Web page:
As they assembled cars Thursday, workers at Chrysler's
Sterling Heights assembly plant were talking about their new labour
contract, wondering if Wednesday's six-hour strike was enough to get
a good deal from the company. Even as they waited to hear the
details, industry analysts were predicting crosstown rival Ford will
try to get more concessions than Chrysler.
Some workers were skeptical about job security promises, one
``A lot of people are sort of surprised that we only stayed out
that long,'' said Brett Ward, a forklift operator at the Sterling
Heights plant and a member of a group that's often critical of the
union. ``They're thinking that it might have really not gotten us
UAW leaders have yet to brief the rank-and-file on the tentative
deal, which abbreviated the strike when it was reached late
The Chrysler pact mirrors the contract with General Motors Corp.
that UAW members ratified Wednesday. GM shares rose $1.86, or 4.9
per cent, Thursday to close at US$39.99, a 52-week high. Deutsche
Bank analyst Rod Lache said in a note to investors that the UAW
contract agreement can significantly improve the competitiveness of
Ford Motor Co. will go last in the negotiations. Spokeswoman
Marcey Evans said Ford and the union weren't in talks Thursday, but
their negotiations are expected to accelerate soon.
Under Chrysler's tentative agreement, the company would pay $10
billion to $11 billion into a union-run trust that will pick up
Chrysler's $19 billion in future retiree health care expenses,
according to two people who have been briefed on the agreement.
Other major provisions include job security pledges from the
company and a two-tier wage scale, with new hires making around $14
per hour, or half the current starting wage of an assembly line
The lower wage would cover about 11,000 ``noncore'' workers who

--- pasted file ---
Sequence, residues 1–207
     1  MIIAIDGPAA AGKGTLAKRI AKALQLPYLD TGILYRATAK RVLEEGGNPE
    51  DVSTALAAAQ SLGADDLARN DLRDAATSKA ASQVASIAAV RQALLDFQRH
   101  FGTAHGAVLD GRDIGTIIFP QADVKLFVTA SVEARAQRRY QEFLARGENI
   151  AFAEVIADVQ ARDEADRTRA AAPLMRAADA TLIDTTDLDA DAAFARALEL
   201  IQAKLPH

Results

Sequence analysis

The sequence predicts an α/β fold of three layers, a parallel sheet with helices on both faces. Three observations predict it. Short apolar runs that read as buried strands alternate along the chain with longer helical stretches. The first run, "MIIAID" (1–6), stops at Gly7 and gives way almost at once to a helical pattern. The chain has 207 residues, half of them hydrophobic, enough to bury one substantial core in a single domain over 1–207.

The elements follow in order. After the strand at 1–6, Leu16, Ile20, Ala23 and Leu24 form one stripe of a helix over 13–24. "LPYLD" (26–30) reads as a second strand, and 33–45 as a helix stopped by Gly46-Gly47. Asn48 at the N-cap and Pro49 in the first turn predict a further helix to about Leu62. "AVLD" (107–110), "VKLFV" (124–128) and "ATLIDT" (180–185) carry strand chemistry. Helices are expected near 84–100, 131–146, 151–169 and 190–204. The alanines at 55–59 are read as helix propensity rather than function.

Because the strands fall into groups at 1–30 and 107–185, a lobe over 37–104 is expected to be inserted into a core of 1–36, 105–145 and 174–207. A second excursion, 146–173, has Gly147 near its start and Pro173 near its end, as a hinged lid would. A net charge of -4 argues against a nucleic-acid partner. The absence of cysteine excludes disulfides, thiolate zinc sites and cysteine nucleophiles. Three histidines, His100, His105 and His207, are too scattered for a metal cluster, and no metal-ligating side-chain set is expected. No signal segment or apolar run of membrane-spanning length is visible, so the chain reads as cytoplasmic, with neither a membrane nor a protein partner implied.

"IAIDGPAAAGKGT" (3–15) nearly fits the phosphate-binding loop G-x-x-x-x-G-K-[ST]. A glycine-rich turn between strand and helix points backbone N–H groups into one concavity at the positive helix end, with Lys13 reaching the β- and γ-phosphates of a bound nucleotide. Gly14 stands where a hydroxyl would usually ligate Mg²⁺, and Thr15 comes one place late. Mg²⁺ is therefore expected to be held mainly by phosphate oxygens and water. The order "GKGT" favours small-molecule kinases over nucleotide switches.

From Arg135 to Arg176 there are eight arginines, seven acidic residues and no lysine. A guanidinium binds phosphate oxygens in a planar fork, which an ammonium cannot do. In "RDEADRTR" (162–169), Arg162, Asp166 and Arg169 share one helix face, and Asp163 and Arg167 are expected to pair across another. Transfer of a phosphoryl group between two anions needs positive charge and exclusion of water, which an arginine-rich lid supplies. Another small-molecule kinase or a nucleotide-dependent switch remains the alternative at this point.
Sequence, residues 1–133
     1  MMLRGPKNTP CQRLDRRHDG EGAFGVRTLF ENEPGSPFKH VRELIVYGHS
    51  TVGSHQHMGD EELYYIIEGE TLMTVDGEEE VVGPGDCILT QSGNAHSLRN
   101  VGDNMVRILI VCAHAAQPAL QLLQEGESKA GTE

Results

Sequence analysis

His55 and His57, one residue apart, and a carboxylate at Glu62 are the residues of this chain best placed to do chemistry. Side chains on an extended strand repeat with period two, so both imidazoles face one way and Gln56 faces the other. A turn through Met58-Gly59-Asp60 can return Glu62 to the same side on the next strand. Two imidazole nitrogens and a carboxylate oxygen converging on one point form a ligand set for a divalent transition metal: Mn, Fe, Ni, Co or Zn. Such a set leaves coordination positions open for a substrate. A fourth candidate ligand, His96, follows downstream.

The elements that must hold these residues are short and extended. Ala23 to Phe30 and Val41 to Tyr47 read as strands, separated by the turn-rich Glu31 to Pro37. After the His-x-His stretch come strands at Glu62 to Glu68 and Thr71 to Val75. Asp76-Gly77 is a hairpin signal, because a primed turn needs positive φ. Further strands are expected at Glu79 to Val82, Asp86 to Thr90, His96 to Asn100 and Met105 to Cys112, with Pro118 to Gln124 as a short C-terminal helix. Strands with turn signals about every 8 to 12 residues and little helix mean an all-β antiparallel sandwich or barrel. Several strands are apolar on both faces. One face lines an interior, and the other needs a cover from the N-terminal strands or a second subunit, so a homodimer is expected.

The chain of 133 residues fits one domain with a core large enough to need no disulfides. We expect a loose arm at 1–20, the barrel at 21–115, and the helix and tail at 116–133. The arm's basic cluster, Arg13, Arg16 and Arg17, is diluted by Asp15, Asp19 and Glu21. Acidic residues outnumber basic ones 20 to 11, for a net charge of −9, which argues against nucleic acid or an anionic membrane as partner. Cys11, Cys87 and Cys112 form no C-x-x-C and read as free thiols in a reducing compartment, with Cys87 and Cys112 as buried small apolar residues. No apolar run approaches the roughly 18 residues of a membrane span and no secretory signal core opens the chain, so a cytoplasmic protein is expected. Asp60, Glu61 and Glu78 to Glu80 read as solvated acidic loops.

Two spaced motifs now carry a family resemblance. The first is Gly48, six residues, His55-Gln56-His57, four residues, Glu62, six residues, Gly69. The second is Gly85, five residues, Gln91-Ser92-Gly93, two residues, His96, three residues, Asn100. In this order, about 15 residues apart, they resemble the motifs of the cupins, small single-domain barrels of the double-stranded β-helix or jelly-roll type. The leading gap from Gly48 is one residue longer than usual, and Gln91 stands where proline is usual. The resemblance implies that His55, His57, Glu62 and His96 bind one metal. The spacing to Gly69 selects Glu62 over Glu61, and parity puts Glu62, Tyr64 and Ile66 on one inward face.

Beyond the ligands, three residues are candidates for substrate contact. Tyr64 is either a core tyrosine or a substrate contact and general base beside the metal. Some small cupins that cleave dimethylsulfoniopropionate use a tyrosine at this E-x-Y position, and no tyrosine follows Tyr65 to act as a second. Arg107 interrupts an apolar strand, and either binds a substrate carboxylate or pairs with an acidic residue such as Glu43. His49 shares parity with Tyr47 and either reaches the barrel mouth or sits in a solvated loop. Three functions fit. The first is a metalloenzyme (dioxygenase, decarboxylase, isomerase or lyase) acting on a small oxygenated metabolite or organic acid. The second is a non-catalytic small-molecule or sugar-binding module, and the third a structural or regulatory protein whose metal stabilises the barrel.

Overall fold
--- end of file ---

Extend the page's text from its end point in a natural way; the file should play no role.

do not build cars or parts. People now in those jobs would be
offered buyout and early retirement packages to make room for the
new workers, said the people, who spoke on condition of anonymity
because the contract details have not been presented to union
Also included is a $3,000 signing bonus for all members, plus
lump-sum payments of three per cent of pay in the second year, four
per cent in the third year and three per cent in the final year of
the deal, the people said.
Another person familiar with the pact said the job security
provisions weren't as extensive as those granted by GM, which
promised to build next-generation products at 16 assembly plants and
parts at other facilities. The Chrysler guarantees extend no further
than the life of current products or the length of the four-year
contract, said the person, who also did not want to be identified
because the details haven't been formally released.
Although details have been scant, the deal appears to show that
Chrysler's new owners, Cerberus Capital Management LP, didn't buy
the company just to sell it off, said Richard McDonaugh Jr.,
president of Local 1183 at Chrysler's Newark, Del., assembly plant.
McDonaugh, whose plant is slated for closure, said he is hoping that
the UAW may have preserved its future in the contract.
``It very well could be true that they're in it for the long haul